DIS CWI

URL: http://www.dis.cwi.nl/

Centrum Wiskunde Informatica Netherlands focusses on applied and fundamental problems in Mathematics and Computer Science. The Distributed and Interactive Systems group (DIS) focuses on modeling and controlling complex collections of media objects (including real-time media and sensor data) that are interactive and distributed in time and space. The group’s fundamental interest is in understanding how the various notions of ‘time’ influence the creation, distribution and delivery of complex content in a customizable manner. The group is led by Dr. Pablo Cesar


Svetlana Kordumova

Learning to Search for Images without Annotations

Supervisor(s) and Committee member(s): Advisor(s): Arnold W.M. Smeulders (promotor), Cees G.M. Snoek (co-promotor).

URL: http://dare.uva.nl/record/1/540788

ISBN: 978-608-4784-15-9

0This thesis contributes to learning machines what is in an image by avoiding direct manual annotation as training data. We either rely on tagged data from social media platforms to recognize concepts, or on objects semantics and layout to recognize scenes. We focus our effort on image search.
We firstly demonstrate that concepts detectors can be learned using tagged examples from social media platforms. We show that using tagged images and videos directly as ground truth for learning can be problematic because of the noisy nature of tags. To this end, through extensive experimental analysis, we recommend to calculate the relevance of tags, and select only relevant positive and relevant negative examples for learning. Inclusive, we present four best practices which led to a winning entry on the TRECVID 2013 benchmark for the semantic indexing with no annotations task. Following the findings that important concepts appear rarely as tags in social media platforms, we propose to use semantic knowledge from an ontology to improve calculating tag relevance and to enrich training data for learning concept detectors of rare tags.
When searching images of a particular scene, instead of using annotated scene images, we show that with object classifiers we can reasonably well recognize scenes. We exploit 15,000 object classifiers trained with a convolutional neural network. Since not all objects can contribute equally in describing a scene, we show that pooling only the 100 most prominent object classifiers per image is good enough to recognize its scene. Furthermore, we go to the extreme of recognizing scenes by removing all object identities. We refer to the most probable positions in images to contain objects as things. We show that the ensemble of things properties, size, position, aspect ratio and prominent color, and those only, can discriminate scenes. The benefit of removing all object identities is that we also eliminate the learning of object classifiers in the process, and thus demonstrate that scenes can be recognized with no learning at all.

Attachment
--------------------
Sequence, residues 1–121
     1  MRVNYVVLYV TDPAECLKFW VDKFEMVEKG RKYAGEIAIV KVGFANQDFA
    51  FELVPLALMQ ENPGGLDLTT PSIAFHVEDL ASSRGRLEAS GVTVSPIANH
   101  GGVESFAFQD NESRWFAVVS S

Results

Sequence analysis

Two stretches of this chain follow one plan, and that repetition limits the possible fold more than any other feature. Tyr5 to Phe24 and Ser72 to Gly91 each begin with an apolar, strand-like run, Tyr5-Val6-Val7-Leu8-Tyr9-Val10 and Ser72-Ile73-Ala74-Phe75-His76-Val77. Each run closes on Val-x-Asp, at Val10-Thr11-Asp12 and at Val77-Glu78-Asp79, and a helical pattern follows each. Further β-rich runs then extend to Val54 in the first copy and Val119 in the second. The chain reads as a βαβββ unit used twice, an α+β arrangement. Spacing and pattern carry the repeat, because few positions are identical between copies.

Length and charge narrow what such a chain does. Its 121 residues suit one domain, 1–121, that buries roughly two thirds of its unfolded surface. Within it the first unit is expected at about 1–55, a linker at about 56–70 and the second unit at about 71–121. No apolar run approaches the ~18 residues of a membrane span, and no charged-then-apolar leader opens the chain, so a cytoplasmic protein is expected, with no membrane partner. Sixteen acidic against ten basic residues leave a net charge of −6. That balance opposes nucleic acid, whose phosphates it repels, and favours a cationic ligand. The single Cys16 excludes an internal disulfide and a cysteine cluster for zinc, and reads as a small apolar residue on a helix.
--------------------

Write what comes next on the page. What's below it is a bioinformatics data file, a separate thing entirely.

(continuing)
Overall, this thesis presents alternative ways to learn what concept is in an image or what scene it belongs to, without using manually annotated data, for the goal of image search. It investigates new approaches for learning machines to recognize the visually depicted environment captured in images, all the while dismissing the annotation process.

Intelligent Sensory Information Systems group

URL: https://ivi.fnwi.uva.nl/isis/

The world is full of digital images and videos. In this deluge of visual information, the grand challenge is to unlock its content. This quest is the central research aim of the Intelligent Sensory Information Systems group. We address the complete knowledge chain of image and video retrieval by machine and human. Topics of study are semantic understanding, image and video mining, interactive picture analytics, and scalability. Our research strives for automation that matches human visual cognition, interaction surpassing man and machine intelligence, visualization blending it all in interfaces giving instant insight, and database architectures for extreme sized visual collections. Our research culminates in state-of-the-art image and video search engines which we evaluate in leading benchmarks, often as the best performer, in user studies, and in challenging applications.


Journal issue TOCs

  1. MTAP Volume 76, Issue 6
  2. MTAP Volume 76, Issue 5
  3. MTAP Volume 76, Issue 4
  4. MTAP Volume 76, Issue 3
  5. MTAP Volume 76, Issue 2
  6. MTAP Volume 76, Issue 1
  7. MTAP Volume 75, Issue 24
  8. MTAP Volume 75, Issue 23
  9. MTAP Volume 75, Issue 22
  10. MTAP Volume 75, Issue 21
  11. MTAP Volume 75, Issue 20
  12. IJMIR Volume 6, Issue 1
  13. IJMIR Volume 5, Issue 4
  14. MMSJ Volume 23, Issue 1
  15. MMSJ Volume 23, Issue 2
  16. TOMM Volume 12, Issue 4s
  17. TOMM Volume 12, Issue 5s
  18. TOMM Volume 13, Issue 1
  19. MMSJ Volume 22, Issue 6

MTAP Volume 76, Issue 6

Editor-in-Chief: Borko Furht

URL: http://link.springer.com/journal/11042/76/6/page/1

Published: March 2017

Papers

MTAP Volume 76, Issue 5

Editor-in-Chief: Borko Furht

URL: http://link.springer.com/journal/11042/76/5/page/1

Published: March 2017

Papers

MTAP Volume 76, Issue 4

Editor-in-Chief: Borko Furht

URL: http://link.springer.com/journal/11042/76/4/page/1

Published: February 2017

Papers

MTAP Volume 76, Issue 3

Editor-in-Chief: Borko Furht

URL: http://link.springer.com/journal/11042/76/3/page/1

Published: February 2017

Papers

MTAP Volume 76, Issue 2

Editor-in-Chief: Borko Furht

URL: http://link.springer.com/journal/11042/76/2/page/1

Published: January 2017

Papers

MTAP Volume 76, Issue 1

Editor-in-Chief: Borko Furht

URL: http://link.springer.com/journal/11042/76/1/page/1

Published: January 2017

Papers

MTAP Volume 75, Issue 24